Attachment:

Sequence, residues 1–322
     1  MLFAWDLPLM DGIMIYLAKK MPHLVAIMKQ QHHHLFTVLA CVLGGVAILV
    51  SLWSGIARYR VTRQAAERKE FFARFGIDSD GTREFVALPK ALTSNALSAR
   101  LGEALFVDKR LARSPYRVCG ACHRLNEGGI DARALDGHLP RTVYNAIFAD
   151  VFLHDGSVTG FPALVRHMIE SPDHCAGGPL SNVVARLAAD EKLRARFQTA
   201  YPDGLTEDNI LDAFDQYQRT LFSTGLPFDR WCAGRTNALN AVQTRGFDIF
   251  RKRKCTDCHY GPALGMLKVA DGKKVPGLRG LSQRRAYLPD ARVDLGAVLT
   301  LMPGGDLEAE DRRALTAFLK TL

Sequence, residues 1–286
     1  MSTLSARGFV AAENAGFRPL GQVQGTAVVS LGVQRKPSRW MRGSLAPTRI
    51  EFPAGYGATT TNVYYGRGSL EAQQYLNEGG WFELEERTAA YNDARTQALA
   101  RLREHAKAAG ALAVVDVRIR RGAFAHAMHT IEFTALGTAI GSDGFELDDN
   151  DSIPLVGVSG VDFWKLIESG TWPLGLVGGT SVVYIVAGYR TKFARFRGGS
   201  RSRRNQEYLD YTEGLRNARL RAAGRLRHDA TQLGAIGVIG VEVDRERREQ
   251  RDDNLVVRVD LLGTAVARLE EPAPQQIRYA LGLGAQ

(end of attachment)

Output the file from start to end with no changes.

Sequence, residues 1–322
     1  MLFAWDLPLM DGIMIYLAKK MPHLVAIMKQ QHHHLFTVLA CVLGGVAILV
    51  SLWSGIARYR VTRQAAERKE FFARFGIDSD GTREFVALPK ALTSNALSAR
   101  LGEALFVDKR LARSPYRVCG ACHRLNEGGI DARALDGHLP RTVYNAIFAD
   151  VFLHDGSVTG FPALVRHMIE SPDHCAGGPL SNVVARLAAD EKLRARFQTA
   201  YPDGLTEDNI LDAFDQYQRT LFSTGLPFDR WCAGRTNALN AVQTRGFDIF
   251  RKRKCTDCHY GPALGMLKVA DGKKVPGLRG LSQRRAYLPD ARVDLGAVLT
   301  LMPGGDLEAE DRRALTAFLK TL

Sequence, residues 1–286
     1  MSTLSARGFV AAENAGFRPL GQVQGTAVVS LGVQRKPSRW MRGSLAPTRI
    51  EFPAGYGATT TNVYYGRGSL EAQQYLNEGG WFELEERTAA YNDARTQALA
   101  RLREHAKAAG ALAVVDVRIR RGAFAHAMHT IEFTALGTAI GSDGFELDDN
   151  DSIPLVGVSG VDFWKLIESG TWPLGLVGGT SVVYIVAGYR TKFARFRGGS
   201  RSRRNQEYLD YTEGLRNARL RAAGRLRHDA TQLGAIGVIG VEVDRERREQ
   251  RDDNLVVRVD LLGTAVARLE EPAPQQIRYA LGLGAQ